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Gen Xers: More Millennial Than Millennials

Gen Xers see the worst part of themselves in Millennials, and that is creating terrible myths about them.
15 Hot Skill Sets For IT Pros In 2015
15 Hot Skill Sets For IT Pros In 2015
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Have you ever met someone you didn't like, and then have someone say, "I'm surprised, he (or she) is just like you?" And then you're forced to realize you didn't like the person because you see the things you like least about yourself in that individual. That might be what is happening with Gen Xers and Millennials.

For years we've been propagating myths about Millennials (people between age 21-35) that were recently shown to be untrue by an IBM study. The funny thing is, all those things people said for all those years about Millennials apply a little bit more to Gen X (aged 36-49).

If you want to see how those myths were busted, you can read Kelly Sheridan's article about it, but if you're in the mood to make fun of the flannel-wearing, grunge-loving, lost-generation of Gen X, I've got some good fodder for you right here. Mmmm ... smells like teen spirit.

The biggest myth propagated about Millennials is that they think everyone deserves a trophy and they want credit for everything. When asked in the IBM study if a team is successful whether everyone should be rewarded a fairly larger number of Millennials, 55%, said yes. You know who blew them away? Gen Xers. Just shy of two thirds of them felt a need for an award. Two thirds of them also said that employees should be "rewarded" for collaborating. I assume they'd be thrilled with a special trophy.

Another myth is that Millennials are glued to social media.

Again, it was Gen Xers who outpaced all other age groups in using social media to communicate with business partners, to market and sell their products, and to learn about their industry. In fact, Millennials said they preferred face-to-face communication.

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Contrary to popular mythology, people in Gen X are also more likely to leave a job for more money (47% vs. 42%) or require a large group to make a decision (64% vs. 56%). They are least likely to care about the way their own companies treat customers (40% versus 60%).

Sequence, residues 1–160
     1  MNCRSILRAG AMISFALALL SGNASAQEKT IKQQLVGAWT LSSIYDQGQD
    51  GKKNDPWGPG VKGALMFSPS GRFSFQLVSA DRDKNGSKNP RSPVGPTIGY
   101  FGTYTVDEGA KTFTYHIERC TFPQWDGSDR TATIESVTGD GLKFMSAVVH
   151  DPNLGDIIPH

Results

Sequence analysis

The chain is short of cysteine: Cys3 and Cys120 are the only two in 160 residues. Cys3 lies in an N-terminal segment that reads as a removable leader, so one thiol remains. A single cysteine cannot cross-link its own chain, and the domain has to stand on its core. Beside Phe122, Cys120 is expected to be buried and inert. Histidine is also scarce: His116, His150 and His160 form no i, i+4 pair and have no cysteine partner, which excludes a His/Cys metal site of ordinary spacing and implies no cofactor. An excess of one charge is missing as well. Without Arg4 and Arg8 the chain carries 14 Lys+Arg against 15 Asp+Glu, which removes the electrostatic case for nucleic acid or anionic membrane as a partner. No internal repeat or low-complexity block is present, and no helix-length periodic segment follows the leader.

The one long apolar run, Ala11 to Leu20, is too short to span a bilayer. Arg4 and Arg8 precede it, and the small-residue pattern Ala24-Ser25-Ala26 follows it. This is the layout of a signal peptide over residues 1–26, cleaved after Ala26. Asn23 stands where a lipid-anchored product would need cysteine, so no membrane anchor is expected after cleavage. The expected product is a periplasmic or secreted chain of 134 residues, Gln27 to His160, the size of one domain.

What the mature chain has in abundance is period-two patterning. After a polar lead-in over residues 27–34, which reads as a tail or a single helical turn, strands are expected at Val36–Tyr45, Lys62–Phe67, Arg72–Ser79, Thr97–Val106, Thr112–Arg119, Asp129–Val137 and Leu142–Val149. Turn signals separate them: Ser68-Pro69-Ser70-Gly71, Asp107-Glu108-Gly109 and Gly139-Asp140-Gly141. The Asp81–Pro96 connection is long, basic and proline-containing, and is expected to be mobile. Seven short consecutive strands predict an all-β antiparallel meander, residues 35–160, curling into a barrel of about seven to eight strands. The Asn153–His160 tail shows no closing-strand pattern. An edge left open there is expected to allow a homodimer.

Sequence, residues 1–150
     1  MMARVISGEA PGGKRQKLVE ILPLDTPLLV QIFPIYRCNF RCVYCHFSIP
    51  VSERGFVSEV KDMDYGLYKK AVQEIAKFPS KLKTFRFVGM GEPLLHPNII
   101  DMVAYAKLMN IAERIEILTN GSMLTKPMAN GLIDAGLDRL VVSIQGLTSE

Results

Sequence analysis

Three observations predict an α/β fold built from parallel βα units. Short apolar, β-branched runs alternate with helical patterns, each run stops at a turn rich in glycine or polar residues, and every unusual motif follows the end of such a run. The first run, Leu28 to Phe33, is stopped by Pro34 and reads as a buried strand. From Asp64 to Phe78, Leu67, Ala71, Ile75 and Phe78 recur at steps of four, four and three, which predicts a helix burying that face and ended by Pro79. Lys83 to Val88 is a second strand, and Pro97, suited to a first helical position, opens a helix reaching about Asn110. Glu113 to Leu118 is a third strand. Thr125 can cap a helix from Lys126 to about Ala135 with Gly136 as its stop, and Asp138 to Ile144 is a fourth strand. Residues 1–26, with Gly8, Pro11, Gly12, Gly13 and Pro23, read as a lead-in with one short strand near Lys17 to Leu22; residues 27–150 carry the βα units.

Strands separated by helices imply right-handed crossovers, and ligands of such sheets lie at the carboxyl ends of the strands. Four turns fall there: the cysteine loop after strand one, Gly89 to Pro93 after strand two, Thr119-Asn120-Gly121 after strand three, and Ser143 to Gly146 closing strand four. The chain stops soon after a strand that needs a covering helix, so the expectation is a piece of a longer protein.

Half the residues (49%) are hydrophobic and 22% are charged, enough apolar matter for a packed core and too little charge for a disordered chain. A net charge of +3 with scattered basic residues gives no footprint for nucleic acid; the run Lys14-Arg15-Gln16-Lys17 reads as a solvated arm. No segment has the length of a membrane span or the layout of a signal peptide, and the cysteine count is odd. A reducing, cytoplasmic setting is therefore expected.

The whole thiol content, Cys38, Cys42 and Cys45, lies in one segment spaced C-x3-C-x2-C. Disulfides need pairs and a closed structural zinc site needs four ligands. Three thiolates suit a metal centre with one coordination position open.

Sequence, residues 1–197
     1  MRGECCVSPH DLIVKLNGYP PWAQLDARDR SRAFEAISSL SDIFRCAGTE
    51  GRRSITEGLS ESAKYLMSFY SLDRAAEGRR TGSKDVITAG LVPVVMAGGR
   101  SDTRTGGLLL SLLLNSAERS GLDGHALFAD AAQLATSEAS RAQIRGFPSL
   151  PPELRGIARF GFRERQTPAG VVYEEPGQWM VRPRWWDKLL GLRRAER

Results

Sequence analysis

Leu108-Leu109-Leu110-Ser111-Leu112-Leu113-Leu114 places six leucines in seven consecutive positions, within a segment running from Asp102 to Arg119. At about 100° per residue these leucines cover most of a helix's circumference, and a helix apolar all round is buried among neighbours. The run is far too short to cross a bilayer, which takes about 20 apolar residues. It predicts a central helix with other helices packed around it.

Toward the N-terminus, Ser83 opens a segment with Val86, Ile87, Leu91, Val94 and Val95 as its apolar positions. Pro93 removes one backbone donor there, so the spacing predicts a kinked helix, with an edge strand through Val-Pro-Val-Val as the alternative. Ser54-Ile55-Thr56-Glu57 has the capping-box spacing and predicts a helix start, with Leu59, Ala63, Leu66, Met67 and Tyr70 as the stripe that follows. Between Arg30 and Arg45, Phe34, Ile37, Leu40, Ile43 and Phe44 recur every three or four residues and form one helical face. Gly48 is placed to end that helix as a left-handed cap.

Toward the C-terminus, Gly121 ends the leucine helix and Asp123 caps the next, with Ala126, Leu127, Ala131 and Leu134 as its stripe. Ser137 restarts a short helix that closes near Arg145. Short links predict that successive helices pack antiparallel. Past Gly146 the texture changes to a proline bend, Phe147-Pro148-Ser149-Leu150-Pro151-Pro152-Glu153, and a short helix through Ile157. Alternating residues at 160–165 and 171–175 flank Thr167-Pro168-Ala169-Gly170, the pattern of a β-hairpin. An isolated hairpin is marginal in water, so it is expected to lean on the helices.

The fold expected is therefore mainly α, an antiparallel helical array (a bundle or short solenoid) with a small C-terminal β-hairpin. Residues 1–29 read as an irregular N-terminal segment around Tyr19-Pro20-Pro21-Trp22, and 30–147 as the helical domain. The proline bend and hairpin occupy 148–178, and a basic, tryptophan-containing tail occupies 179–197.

In other words, they're a surly, self-entitled, disloyal lot. And they are trying to call their younger counterparts exactly what they are themselves. As a Gen Xer I suppose I should step up and defend my generation. There are some reasons for this.

Later Gen Xers are among the first digital natives. Even those of the earliest era were young enough to witness the dawning of the Internet in their formative years. While they are digital natives, they lived through a pace of change and early years, a giant upheaval based on technology. They received the tools to make an immense amount of collaboration and positive change in the enterprise, but before they were mature enough to make good use of them.

While Millennials came to a nearly fully formed mobile enterprise, Gen Xers had to build it. We won’t get into the deeper psychology of politics or history that the Gen Xers lived through, but when it comes to the enterprise, Gen Xers are bound to be a bit clumsier with technology and a bit less trusting in the fast-paced business it allows.

So if you're a Gen Xer, what should do about it? Probably not much. Maybe whine less? Try to be nicer to the young ones? You are what you are.

If you manage them, what do you do? There's nothing wrong with collaboration. Maybe give it a try? Interestingly enough, the collaborative nature, general desire to use technology (even if poorly), and desire to reward make Gen Xers potentially good leaders and terrible followers. Given their age, it is a good thing many will soon be taking leadership positions.

If you're a Millennial what do you do? Just recognize that this is really just a hazing ritual. Boomers gave Gen Xers flak for coming in and changing their enterprise. Now Gen Xers are reflecting that flak onto Millennials. Undoubtedly, Millennials will find a reason to haze the next generation.

In the end, of course, we need to treat everyone as individuals. No generation thinks entirely alike, and we're surprisingly similar across generations. But the next time you hear someone bandy about some myths about Millennials, consider the source. You may find out that they are describing themselves.

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Editor's Choice
Brian T. Horowitz, Contributing Reporter
Samuel Greengard, Contributing Reporter
Nathan Eddy, Freelance Writer
Brandon Taylor, Digital Editorial Program Manager
Jessica Davis, Senior Editor
Cynthia Harvey, Freelance Journalist, InformationWeek
Sara Peters, Editor-in-Chief, InformationWeek / Network Computing